of a rotating object and the rotational velocity of any point on the object
  • A torque
    Torque
    Torque, moment or moment of force , is the tendency of a force to rotate an object about an axis, fulcrum, or pivot. Just as a force is a push or a pull, a torque can be thought of as a twist....

    , the force that causes it, and the position of the point of application of the force
  • A magnetic field
    Magnetic field
    A magnetic field is a mathematical description of the magnetic influence of electric currents and magnetic materials. The magnetic field at any given point is specified by both a direction and a magnitude ; as such it is a vector field.Technically, a magnetic field is a pseudo vector;...

    , the position of the point where it is determined, and the electric current
    Electric current
    Electric current is a flow of electric charge through a medium.This charge is typically carried by moving electrons in a conductor such as wire...

     (or change in electric flux) that causes it
  • A magnetic field
    Magnetic field
    A magnetic field is a mathematical description of the magnetic influence of electric currents and magnetic materials. The magnetic field at any given point is specified by both a direction and a magnitude ; as such it is a vector field.Technically, a magnetic field is a pseudo vector;...

     in a coil of wire and the electric current
    Electric current
    Electric current is a flow of electric charge through a medium.This charge is typically carried by moving electrons in a conductor such as wire...

     in the wire
  • The force of a magnetic field
    Magnetic field
    A magnetic field is a mathematical description of the magnetic influence of electric currents and magnetic materials. The magnetic field at any given point is specified by both a direction and a magnitude ; as such it is a vector field.Technically, a magnetic field is a pseudo vector;...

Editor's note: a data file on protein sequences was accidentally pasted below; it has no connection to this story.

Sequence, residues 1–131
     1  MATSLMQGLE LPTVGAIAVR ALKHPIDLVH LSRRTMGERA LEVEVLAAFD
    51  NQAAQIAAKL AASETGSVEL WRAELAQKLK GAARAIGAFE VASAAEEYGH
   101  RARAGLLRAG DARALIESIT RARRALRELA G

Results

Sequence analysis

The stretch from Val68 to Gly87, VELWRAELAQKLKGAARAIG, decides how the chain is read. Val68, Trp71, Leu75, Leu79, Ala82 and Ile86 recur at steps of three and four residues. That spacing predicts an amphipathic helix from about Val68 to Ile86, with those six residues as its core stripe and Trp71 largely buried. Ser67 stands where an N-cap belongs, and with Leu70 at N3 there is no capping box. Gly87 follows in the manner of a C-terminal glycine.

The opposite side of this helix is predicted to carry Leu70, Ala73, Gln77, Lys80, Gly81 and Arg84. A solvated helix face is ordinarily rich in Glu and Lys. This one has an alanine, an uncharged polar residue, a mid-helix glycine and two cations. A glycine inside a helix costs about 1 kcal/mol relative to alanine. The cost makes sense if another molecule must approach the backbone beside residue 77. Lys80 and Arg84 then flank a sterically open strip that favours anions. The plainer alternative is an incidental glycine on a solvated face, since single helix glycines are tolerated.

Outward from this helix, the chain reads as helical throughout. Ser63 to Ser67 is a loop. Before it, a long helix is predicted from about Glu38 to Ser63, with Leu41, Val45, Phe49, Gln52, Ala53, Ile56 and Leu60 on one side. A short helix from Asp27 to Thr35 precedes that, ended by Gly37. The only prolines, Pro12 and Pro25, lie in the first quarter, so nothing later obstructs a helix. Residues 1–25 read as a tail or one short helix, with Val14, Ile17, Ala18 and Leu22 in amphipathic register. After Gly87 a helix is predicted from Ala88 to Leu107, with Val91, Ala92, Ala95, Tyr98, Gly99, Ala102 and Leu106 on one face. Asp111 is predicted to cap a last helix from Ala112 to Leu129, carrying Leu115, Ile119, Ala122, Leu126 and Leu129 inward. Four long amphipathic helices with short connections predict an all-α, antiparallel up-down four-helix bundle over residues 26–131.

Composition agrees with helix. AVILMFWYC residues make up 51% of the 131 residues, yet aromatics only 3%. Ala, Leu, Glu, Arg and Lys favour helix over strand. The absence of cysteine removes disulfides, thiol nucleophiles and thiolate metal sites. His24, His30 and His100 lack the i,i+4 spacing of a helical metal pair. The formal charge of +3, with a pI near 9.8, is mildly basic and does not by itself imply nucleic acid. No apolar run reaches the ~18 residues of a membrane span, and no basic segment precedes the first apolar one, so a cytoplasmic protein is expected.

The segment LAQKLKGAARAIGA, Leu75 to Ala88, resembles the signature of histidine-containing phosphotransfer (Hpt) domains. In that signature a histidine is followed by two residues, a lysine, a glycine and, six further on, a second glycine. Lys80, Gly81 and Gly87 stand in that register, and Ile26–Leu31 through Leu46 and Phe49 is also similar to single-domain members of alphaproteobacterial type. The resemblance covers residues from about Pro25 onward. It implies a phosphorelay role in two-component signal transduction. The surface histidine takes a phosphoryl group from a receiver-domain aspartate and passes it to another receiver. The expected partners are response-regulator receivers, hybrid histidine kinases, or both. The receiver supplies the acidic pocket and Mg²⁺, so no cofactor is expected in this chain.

on a charged particle, the magnetic field itself, and the velocity
    Velocity
    In physics, velocity is speed in a given direction. Speed describes only how fast an object is moving, whereas velocity gives both the speed and direction of the object's motion. To have a constant velocity, an object must have a constant speed and motion in a constant direction. Constant ...

     of the object
  • The vorticity at any point in the field of flow of a fluid
  • The induced current from motion in a magnetic field (known as Fleming's right-hand rule)
  • The x, y and z unit vectors in the Cartesian coordinate system
    Cartesian coordinate system
    A Cartesian coordinate system specifies each point uniquely in a plane by a pair of numerical coordinates, which are the signed distances from the point to two fixed perpendicular directed lines, measured in the same unit of length...

     follow the right-hand rule, as z = x × y. As a consequence, the right-hand rule is often used in Rigid body
    Rigid body
    In physics, a rigid body is an idealization of a solid body of finite size in which deformation is neglected. In other words, the distance between any two given points of a rigid body remains constant in time regardless of external forces exerted on it...

     physics and Kinematics
    Kinematics
    Kinematics is the branch of classical mechanics that describes the motion of bodies and systems without consideration of the forces that cause the motion....

    .


Fleming's left-hand rule is a rule for finding the direction of the thrust
Thrust
Thrust is a reaction force described quantitatively by Newton's second and third laws. When a system expels or accelerates mass in one direction the accelerated mass will cause a force of equal magnitude but opposite direction on that system....

 on a conductor carrying a current in a magnetic field.

Left-handedness